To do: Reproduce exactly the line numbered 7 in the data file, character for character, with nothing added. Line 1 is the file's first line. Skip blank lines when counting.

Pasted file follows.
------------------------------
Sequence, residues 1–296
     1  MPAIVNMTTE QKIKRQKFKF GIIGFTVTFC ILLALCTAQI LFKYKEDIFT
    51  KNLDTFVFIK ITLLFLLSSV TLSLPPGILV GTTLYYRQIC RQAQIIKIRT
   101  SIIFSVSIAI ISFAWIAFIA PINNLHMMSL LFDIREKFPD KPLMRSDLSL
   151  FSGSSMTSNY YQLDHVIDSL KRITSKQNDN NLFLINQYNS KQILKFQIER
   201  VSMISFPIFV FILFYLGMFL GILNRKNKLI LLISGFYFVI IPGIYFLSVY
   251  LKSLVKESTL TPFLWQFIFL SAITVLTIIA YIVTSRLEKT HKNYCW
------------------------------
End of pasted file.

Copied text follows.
   251  LKSLVKESTL TPFLWQFIFL SAITVLTIIA YIVTSRLEKT HKNYCW